Emotional maltreatment and disordered eating in adolescents: testing the mediating role of emotion regulation.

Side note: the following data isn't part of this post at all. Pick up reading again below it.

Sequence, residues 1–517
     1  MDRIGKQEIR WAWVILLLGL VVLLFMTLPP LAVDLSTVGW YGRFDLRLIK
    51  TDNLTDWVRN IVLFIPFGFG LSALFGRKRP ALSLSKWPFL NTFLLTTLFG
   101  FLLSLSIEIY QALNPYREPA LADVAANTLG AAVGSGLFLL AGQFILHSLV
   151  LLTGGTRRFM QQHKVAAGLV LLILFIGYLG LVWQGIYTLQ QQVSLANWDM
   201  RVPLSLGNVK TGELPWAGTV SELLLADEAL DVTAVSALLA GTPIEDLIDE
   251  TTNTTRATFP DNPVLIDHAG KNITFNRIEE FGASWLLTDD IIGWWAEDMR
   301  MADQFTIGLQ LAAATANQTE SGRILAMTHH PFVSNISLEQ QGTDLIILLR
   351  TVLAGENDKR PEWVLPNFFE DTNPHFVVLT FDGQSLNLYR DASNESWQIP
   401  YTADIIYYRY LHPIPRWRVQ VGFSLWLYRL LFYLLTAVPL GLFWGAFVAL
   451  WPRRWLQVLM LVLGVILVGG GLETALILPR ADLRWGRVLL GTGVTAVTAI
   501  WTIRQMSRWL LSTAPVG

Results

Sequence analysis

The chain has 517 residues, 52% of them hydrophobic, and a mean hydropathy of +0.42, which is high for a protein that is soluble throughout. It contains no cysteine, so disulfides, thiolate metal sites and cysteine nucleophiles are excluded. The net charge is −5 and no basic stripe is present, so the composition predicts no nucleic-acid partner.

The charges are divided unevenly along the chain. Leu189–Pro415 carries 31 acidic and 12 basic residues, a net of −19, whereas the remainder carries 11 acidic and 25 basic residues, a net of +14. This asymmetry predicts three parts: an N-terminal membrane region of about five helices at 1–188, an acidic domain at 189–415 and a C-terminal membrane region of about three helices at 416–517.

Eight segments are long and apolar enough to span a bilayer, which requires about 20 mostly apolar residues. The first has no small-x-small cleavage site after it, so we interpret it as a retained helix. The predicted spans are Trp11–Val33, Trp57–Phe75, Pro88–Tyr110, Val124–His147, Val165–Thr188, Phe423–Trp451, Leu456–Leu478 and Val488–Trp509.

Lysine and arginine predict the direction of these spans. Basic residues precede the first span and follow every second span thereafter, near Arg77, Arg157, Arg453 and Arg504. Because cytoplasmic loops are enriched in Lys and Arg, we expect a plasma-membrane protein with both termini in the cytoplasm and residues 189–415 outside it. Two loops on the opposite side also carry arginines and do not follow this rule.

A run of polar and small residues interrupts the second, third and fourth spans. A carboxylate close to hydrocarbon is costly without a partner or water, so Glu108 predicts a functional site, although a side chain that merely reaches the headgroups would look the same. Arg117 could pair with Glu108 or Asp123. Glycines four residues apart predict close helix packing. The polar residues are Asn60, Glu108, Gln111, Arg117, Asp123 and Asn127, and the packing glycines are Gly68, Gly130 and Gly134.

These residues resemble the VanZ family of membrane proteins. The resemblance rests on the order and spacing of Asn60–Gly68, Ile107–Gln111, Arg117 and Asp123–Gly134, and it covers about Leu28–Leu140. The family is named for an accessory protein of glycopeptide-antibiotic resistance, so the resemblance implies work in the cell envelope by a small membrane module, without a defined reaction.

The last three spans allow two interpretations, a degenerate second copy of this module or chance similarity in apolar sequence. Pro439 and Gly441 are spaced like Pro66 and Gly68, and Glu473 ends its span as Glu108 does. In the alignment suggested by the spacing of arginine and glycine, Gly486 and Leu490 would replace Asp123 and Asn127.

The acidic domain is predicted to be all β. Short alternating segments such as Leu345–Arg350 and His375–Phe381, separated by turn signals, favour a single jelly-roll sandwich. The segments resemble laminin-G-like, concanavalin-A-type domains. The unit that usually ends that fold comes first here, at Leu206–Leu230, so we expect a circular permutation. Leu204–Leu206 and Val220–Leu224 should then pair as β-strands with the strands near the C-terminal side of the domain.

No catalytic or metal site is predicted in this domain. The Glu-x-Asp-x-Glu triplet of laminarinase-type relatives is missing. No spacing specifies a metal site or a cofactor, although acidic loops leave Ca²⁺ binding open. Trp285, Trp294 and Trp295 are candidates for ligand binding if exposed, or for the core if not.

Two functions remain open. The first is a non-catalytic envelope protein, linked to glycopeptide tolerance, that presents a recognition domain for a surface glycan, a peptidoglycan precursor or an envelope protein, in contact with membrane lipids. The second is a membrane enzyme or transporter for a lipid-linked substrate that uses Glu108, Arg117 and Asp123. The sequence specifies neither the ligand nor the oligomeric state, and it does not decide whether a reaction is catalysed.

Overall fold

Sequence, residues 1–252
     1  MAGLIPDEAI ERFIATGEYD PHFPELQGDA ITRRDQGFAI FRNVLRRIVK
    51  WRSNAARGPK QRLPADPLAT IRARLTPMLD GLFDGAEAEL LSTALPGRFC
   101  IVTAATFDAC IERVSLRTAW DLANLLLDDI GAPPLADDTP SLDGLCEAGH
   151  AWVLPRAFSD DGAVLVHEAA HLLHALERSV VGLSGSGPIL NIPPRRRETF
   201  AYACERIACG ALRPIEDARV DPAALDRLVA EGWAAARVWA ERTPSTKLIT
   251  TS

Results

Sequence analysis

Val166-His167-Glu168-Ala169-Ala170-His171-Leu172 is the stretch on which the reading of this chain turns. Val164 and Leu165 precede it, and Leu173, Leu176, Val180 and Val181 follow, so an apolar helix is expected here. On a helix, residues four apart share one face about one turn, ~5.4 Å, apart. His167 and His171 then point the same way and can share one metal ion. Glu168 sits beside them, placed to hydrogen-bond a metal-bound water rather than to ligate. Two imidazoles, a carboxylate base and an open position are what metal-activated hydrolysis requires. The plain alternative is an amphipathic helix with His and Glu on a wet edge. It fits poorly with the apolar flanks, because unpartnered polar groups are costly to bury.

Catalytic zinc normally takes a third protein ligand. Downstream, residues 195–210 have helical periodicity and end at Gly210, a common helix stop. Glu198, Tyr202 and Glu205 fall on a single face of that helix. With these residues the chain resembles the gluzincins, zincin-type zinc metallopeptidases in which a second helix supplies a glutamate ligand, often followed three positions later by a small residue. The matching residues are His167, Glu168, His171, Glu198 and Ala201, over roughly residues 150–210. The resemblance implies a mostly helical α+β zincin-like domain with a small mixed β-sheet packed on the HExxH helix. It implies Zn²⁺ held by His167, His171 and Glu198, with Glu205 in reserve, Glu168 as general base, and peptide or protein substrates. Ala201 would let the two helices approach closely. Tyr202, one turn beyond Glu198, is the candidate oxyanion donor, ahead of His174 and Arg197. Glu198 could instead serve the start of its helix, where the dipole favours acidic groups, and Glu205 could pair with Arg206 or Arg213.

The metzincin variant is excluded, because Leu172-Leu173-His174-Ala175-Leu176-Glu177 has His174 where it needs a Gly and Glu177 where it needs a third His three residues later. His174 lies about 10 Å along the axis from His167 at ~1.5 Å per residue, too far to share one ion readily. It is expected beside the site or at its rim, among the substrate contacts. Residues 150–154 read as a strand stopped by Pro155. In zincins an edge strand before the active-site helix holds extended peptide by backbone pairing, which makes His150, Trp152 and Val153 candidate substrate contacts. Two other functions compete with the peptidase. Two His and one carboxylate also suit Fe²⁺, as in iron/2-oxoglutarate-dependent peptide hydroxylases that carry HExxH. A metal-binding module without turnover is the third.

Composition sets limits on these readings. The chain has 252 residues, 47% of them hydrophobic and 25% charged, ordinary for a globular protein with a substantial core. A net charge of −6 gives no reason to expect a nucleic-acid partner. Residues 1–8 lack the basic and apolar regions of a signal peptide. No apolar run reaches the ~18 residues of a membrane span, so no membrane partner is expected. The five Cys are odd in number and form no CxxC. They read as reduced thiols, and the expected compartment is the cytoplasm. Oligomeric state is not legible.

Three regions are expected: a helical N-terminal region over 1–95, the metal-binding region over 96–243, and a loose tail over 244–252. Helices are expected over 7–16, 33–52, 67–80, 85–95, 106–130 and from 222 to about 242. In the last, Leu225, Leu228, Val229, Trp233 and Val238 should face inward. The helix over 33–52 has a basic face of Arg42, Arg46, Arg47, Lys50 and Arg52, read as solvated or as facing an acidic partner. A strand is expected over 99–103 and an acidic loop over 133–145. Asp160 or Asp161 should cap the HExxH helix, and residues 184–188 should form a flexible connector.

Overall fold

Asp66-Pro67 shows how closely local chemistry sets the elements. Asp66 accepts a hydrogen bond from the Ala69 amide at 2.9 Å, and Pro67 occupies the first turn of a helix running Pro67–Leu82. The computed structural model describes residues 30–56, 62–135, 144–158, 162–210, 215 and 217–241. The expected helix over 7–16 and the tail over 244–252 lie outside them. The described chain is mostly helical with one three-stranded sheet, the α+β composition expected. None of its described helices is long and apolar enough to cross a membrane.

OBJECTIVE We sought to estimate prevalences of childhood emotional abuse (CEA) in bulimic and normal-eater control groups, and to replicate previous findings linking CEA to severity of eating symptoms in BN. We also examined potential mediators of the link between CEA and disordered eating. METHOD Women diagnosed with a bulimic disorder (n = 176) and normal-eater women (n = 139) were assessed for childhood traumata, eating-disorder (ED) symptoms and psychopathological characteristics (ineffectiveness, perfectionism, depression, and affective instability) thought to be potential mediators of interest. RESULTS CEA was more prevalent in the bulimic than in the nonbulimic group, and predicted severity of some eating-symptom indices. Ineffectiveness and affective instability both mediated relationships between CEA and selected ED symptoms. DISCUSSION We found CEA to predict eating pathology through mediating effects of ineffectiveness and affective instability. CEA might influence severity of ED symptoms by impacting an individual's self-esteem and capacity for affect regulation.